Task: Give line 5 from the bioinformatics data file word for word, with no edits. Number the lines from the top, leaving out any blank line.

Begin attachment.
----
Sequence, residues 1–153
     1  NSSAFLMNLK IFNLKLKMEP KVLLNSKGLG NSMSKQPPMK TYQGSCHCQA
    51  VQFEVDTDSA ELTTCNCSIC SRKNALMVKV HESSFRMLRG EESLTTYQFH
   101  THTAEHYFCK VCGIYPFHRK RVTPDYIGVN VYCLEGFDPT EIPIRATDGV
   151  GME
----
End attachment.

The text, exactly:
   151  GME